Nipponese maverick Takashi Miike provides an object lesson in how to transfer computer games to the bigscreen in “Like a Dragon.” Blithely ignoring the opportunities for a CGI-stuffed extravaganza, helmer simply stir-fries his usual mixture of psychopathic gangsters, black humor and childlike innocence into a fast-paced, character-heavy yarn — set during a single sweltering night — that’s one of his most purely enjoyable pics in ages. Released theatrically in Japan in March, and due on DV there this fall, “Dragon” deserves to roar through the latenight fest circuit, followed by lively ancillary action among Occidental buffs.
It’s 88°F, and rising, in summertime Tokyo, and the cops, led by sardonic vet Makoto Date (Yutaka Matsushige), are complaining about the air-conditioning as they stake out an ongoing bank robbery by two jokers in balaclavas. The bank, however, is almost empty, and the Tojo gang’s 10 million yen ($80,000) deposit has mysteriously disappeared from the vaults.
Meanwhile, psycho yakuza Goro Majima (Goro Kishitani, in the pic’s standout performance) decides to pay a visit on the gang led by Kazuma Kiryu (Kazuki Kitamura, personifying a hunky PlayStation hero). Kiryu has “gone solo,” determined to track down the mother of cute tyke Haruka (Natsuo), who has some valuable knowledge that Majima would like to get his hands on.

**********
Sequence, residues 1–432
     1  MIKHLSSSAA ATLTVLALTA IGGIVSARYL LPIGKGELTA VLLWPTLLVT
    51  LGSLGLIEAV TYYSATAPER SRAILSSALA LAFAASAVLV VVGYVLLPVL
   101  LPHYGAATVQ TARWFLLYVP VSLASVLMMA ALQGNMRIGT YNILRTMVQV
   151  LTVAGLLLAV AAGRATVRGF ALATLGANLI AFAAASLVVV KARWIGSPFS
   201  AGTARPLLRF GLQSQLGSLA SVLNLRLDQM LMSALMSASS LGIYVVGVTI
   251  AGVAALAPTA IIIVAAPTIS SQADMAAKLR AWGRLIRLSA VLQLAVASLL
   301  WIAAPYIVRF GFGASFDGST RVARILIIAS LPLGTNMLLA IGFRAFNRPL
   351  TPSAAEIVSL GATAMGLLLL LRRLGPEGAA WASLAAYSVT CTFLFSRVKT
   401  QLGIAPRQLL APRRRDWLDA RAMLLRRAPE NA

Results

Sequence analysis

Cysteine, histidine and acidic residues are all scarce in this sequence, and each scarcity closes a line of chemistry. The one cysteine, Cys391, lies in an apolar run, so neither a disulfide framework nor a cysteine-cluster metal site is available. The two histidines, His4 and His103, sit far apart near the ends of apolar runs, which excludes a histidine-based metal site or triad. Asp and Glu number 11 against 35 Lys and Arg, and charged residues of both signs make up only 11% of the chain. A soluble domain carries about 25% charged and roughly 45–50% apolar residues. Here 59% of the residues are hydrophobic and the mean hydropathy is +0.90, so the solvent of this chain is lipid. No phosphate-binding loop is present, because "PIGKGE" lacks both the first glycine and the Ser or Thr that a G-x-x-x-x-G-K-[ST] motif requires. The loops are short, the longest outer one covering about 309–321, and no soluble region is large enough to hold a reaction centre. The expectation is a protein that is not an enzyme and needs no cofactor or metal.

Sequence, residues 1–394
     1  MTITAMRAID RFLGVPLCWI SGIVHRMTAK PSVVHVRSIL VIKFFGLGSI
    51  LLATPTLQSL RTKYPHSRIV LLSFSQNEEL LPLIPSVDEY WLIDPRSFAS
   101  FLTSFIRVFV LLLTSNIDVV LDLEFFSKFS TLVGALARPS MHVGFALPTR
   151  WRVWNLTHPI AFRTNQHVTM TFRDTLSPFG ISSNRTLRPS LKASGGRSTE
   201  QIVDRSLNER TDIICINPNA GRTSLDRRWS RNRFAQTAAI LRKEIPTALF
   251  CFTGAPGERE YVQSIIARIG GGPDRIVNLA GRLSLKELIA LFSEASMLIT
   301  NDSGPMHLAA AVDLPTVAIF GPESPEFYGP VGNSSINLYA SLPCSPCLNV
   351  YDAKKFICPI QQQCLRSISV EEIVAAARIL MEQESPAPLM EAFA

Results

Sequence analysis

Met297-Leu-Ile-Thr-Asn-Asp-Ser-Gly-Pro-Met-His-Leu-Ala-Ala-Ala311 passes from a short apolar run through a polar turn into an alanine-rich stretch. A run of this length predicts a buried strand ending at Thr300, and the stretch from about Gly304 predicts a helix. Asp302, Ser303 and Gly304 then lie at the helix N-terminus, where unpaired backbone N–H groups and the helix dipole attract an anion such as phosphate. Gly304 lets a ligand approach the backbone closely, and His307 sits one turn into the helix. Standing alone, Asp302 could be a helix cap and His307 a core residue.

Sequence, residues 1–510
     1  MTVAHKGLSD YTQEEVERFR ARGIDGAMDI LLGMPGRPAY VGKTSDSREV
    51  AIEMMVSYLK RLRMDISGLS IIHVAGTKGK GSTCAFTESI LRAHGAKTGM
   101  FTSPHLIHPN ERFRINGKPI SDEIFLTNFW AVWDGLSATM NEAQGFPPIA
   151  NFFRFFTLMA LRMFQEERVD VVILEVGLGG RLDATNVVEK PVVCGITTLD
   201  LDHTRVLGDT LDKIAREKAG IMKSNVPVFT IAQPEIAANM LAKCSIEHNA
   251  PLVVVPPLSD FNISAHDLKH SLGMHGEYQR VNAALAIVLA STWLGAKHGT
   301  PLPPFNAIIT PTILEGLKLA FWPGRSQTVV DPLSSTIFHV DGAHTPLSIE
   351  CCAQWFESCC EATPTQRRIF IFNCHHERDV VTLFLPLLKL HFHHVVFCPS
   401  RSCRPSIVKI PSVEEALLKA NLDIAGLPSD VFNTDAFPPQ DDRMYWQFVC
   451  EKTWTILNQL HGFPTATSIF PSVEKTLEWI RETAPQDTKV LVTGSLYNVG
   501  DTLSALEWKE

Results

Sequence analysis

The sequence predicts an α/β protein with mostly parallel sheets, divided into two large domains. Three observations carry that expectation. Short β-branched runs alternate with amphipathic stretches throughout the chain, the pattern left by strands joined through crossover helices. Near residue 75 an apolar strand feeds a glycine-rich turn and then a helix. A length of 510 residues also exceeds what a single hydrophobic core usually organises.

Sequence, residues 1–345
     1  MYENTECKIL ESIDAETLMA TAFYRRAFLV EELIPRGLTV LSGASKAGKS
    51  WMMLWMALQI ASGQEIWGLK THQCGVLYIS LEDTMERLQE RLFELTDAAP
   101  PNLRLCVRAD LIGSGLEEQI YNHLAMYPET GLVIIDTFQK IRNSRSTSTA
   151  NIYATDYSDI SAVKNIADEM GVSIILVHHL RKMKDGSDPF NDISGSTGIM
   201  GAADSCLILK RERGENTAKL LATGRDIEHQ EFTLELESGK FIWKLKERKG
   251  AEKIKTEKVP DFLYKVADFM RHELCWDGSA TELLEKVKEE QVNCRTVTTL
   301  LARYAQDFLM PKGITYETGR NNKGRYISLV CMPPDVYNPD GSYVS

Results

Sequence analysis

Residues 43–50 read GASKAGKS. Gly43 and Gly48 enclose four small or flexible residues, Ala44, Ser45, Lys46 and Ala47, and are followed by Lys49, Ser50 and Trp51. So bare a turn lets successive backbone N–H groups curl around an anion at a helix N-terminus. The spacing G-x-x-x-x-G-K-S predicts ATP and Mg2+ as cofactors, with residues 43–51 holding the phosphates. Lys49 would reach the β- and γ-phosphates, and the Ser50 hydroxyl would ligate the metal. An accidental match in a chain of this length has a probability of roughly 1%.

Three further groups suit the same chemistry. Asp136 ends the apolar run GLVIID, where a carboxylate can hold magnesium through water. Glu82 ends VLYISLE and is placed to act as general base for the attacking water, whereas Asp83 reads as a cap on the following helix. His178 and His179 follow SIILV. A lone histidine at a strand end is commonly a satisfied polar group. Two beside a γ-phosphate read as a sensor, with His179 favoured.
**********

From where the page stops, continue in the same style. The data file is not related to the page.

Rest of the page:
Also wandering around are: a young couple, Satoru (Shun Shioya) and his coin-obsessed g.f., Yui (Saeko), who have started holding up stores on a whim; and Park (Yoo Gong), a hitman sent by the South Korean government to kill the guy who stole the Tojo gang’s petty cash.
As Kiryu and Majima engage in a series of increasingly loony faceoffs and mano-a-mano fights, the complex storyline moves toward a delirious finale atop the Millennium Tower as hornet-like helicopters ship in the real villain of the piece.
Yarn doesn’t make a whole lot of sense, but the pic’s characters are so colorful — down to a masochistic gun dealer (Yoshiyoshi Arakawa) who encourages his clients to beat him up — that it’s almost a waste of time to figure out what is actually going on. Cross-cutting between its various storylines, pic maintains a nifty pace with no downtime, yoyo-ing between cartoony violence, simple pathos (Haruka and her singleminded champ, Kiryu) and outre humor (baseball bat-wielding Majima).
As the gold-lame suited Majima, who gets off on sheer ultraviolence, Kishitani steals the picture — and is clearly Miike’s favorite character. Kitamura makes a suitably indestructible hero, while other thesps go the full spectrum.
Effects are fine on a budget, and lensing, though a tad muddy, is mobile and concentrated on the thesps. Dialogue throughout is wryly humorous, with Miike (whose father was born in Korea) paying a witty homage at one point to his friend, cult Korean director Kim Ki-duk.